KTPA 061740Z 0618/0724 02007KT P6SM BKN220 FM071700 06010G15KT P6SM FEW250 FM072200 07009KT P6SM SCT040
Example of a METAR forecast
KTPA 061653Z 02005KT 10SM BKN170 BKN260 12/M06 A3043 RMK AO2 SLP305 T01221061
The FAA uses Computer Assisted Testing Service (CATS) to administer their exams. Use the map on the CATS site to find a testing center near you. You will actually have to call and speak to one of their representatives to set up an appointment. They will also take your credit card information to cover the $150 test fee. Scheduling time frame varies depending on many factors, but they will be able to tell you which centers in your area have openings. You can schedule your test before you are done studying, just make sure you leave yourself enough time to get fully prepared.
Now it's getting exciting. When you get to the testing center they will check you in and give you a locking cloth bag, two pieces of blank paper, one pencil and a testing supplement book. You will take everything out of your pockets and put it in the bag. The test proctor will lock the bag (they keep the key) and take you into the testing room. They will log into the test on the computer and go over all the instructions with you. Once you start, you have two hours to finish.
The test consists of 60 multiple choice questions. Some of the questions have at least one answer that is obviously wrong. Since there are only three choices for each question, you are now down to a 50-50 chance of getting it correct.
There are quite a few questions that require you to read information off a Sectional Chart. The graphics on the computer at my testing center were straight out of the 1980's and it was impossible to see the necessary details on screen. But any image or chart that is on the screen is also in the testing booklet they give you. Use the book, it's much easier.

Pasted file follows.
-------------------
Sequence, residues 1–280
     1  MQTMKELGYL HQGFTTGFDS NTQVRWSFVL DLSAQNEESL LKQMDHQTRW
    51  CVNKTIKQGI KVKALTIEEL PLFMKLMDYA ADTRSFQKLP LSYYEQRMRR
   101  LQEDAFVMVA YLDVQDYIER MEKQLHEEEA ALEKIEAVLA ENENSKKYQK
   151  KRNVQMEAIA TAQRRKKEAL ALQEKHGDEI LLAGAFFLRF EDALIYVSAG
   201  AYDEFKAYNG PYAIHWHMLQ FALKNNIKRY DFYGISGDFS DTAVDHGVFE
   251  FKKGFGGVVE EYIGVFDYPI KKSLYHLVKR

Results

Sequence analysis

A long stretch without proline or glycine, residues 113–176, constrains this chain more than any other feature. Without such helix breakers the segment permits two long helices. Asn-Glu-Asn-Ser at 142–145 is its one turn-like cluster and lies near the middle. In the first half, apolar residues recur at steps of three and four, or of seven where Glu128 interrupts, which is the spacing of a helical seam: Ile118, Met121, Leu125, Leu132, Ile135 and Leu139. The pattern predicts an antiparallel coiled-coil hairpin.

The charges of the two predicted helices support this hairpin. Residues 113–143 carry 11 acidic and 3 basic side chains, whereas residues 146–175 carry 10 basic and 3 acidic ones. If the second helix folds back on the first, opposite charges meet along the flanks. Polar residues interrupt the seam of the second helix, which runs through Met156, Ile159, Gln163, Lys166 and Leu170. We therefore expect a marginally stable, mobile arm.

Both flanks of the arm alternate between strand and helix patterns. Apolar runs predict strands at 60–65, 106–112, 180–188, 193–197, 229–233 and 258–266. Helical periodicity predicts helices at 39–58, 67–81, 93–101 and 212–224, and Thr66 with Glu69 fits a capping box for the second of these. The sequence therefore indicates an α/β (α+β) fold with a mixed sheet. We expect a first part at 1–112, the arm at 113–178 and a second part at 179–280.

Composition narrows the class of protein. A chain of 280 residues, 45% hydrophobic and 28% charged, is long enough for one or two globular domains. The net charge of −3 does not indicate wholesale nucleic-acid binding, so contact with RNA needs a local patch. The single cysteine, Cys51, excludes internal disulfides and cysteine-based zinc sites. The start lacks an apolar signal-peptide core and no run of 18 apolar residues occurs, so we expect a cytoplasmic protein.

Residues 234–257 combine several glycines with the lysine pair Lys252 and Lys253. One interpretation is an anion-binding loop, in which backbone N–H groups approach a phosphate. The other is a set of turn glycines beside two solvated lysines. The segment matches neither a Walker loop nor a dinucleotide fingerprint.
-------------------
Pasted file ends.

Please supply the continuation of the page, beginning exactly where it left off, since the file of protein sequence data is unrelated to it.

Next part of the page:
The testing booklet also includes a map key for Sectional Charts. That's a huge help if you can't remember what a particular symbol means. Just look at the key and it will tell you.
Another tip is to mark the questions you aren't sure of so you can go back to them later. The test proctor will show you how you can do this. You don't want to get hung up on a question and use up a lot of time. Plus, something in a later question might help you remember the answer.
When you're done you will click a button on the screen to notify the test proctor. You will get your score immediately. A score of 70% or higher is required to pass. If you fail the test you will need to wait at least 14 days to take it again. And yes, you will need to pay the $150 fee again.
Once your have passed your Knowledge exam, you need to apply for your license using the Integrated Airman Certification and Rating Application (IACRA). It's all done online and is pretty straight forward. You will need to set up an account and enter the information about your test. It can take up to 72 hours before your test information will be available on the IACRA site. Once it is, you can complete your application.
The TSA (Transportation Security Administration) will run a background check. Assuming you pass, you will be issued a Temporary Airman Certificate with a Small Unmanned Aircraft Rating. You can go to the IACRA site and download a PDF that you will need to have with you when you fly. It took about three weeks for my Temporary Certificate to show up on my IACRA account, but I'm sure that varies depending on the number of applications they are receiving.
Your permanent card will arrive by mail. I took my test August 31 and received my card in mid-November. Again, that time frame will vary. Although your license will not have an expiration date, it is good for 24 months from its date of issue.